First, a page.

Plans unveiled for Fenway's 100th anniversary

Plans unveiled for Fenway's 100th anniversary

BOSTON -- Ninety-nine years ago Wednesday, Fenway Park hosted its first professional baseball game, when the Red Sox defeated the New York Highlanders (now known as the Yankees), 7-6, in 11 innings.

And in honor of Fenway's upcoming 100th anniversary in 2012, Red Sox president and CEO Larry Lucchino announced the club's plans to honor the milestone at a news conference Wednesday morning, launching a new website, fenwaypark100.com.

"We have decided to take an affirmative and active and engaging approach to this whole thing and try to make this celebration of 100 years unique," he said in front of about 100 media members, club officials and longtime ticket holders at Fenway. "In our mind, it deserves a fitting, a grand and an extended celebration."

Fans can view year-by-year photos of the historic park as well as watch more than 30 videos highlighting historic Fenway monuments, such as the Green Monster, Pesky's Pole and the lone red seat. Fans can also help the Red Sox plan the anniversary celebration by sharing their experiences and ideas on the website.

"It will put you in the right frame of mind," Lucchino said of the new site. "It will give you a feel for the history, and I think you'll find it both educational and celebratory."

Before the new ownership group of Lucchino, John Henry and Thomas Werner took over in 2002, there were some concerns that Fenway Park would be demolished.

"When the history books are written, I think the most important commitment that they made and now have honored was to preserve and protect all that's good about Fenway Park," said Red Sox executive vice president and COO Sam Kennedy.

Lucchino also expressed his commitment to listening to the fans' ideas for improving the park. After the news conference, he opened things up to audience participation, fielding requests as simple as lowering concession stand prices to those asking that some 2012 regular-season games be free to anyone 100 years old.

Hall of Famer Jim Rice, who played the entirety of his 16-year-career with the Red Sox, had one suggestion: Reorganize the retired numbers that are displayed at the stadium from numerical order to the order in which the players retired.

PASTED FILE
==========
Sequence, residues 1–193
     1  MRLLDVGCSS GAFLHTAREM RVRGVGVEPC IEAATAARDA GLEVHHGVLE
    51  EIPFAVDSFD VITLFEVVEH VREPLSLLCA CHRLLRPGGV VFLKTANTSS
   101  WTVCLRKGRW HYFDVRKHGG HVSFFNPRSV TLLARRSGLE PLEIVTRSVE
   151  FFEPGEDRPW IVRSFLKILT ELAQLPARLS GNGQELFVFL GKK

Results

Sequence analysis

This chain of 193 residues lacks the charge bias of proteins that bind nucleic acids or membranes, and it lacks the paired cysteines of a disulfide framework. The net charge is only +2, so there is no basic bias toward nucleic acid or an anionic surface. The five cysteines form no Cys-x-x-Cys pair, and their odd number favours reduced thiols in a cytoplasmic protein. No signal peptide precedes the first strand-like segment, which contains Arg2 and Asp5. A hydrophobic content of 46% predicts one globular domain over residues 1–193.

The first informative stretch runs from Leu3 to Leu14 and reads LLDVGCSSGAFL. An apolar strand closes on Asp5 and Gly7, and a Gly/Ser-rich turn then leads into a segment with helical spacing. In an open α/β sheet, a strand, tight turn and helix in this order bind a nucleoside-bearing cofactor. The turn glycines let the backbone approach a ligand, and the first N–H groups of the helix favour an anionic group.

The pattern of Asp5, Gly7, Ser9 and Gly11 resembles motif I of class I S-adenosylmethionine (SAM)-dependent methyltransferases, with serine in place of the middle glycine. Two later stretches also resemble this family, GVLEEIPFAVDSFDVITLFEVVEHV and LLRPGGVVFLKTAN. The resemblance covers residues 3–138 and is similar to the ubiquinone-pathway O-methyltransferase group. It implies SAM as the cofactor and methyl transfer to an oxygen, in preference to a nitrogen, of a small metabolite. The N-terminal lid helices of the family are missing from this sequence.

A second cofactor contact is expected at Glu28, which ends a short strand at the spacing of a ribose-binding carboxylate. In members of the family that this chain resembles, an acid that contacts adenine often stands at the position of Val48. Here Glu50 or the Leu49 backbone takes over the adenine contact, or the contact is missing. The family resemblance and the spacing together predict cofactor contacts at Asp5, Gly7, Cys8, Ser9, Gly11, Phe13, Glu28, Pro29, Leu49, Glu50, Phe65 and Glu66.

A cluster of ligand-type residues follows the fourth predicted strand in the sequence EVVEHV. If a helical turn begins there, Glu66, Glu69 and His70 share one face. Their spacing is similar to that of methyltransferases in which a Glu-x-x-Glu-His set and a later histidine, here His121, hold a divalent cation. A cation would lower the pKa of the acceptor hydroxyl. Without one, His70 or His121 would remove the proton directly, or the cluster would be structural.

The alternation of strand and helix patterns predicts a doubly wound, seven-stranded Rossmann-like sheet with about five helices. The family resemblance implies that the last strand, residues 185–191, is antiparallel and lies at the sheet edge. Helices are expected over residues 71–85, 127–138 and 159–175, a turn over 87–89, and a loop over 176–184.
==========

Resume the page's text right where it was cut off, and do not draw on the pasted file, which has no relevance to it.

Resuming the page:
"I think that's the way it should be," Rice said. "There are a lot of things that are changing with the modern day park. The younger generation of kids coming up will see a new version of the stadium."

Fans will also have the chance to purchase authentic Fenway Park seats starting today. The seats for sale were removed from the lower Right Field seat bowl as part of a number of improvements being made to Fenway Park this year.

The Fenway Park 100th Anniversary Brick Program, which will start April 28, was also unveiled. Fans can have their personal messages engraved onto a brick that will be placed in the area of the concourse inside Gate B or Gate C. Bricks come in two sizes -- 4x8 for $250 and 8x8 for $475 -- and fans also will receive a complimentary replica brick with a custom case.

Bill Hogan Jr., who was born six days before the Red Sox played their first game at Fenway, was honored with the first brick. Hogan, who will turn 100 along with the park next April, had a brick inscribed, "In honor of two 100-year-old Boston Legends."

After the ceremony, Hogan talked about old memories at Fenway Park. His favorite was in 1948, when he witnessed the first one-game tiebreaker in American League history. The Red Sox and Cleveland Indians ended the regular season in a tie for first place, and the Indians won, 8-3, before beating the Boston Braves in the World Series.

"It's certainly a great celebration here today," he said, adding that he wasn't concerned with the current Red Sox and their slow start to the season. "I'm not worried, but I didn't like it. They'll come back. They have a strong core."

Jason Mastrodonato is an associate reporter for MLB.com. This story was not subject to the approval of Major League Baseball or its clubs.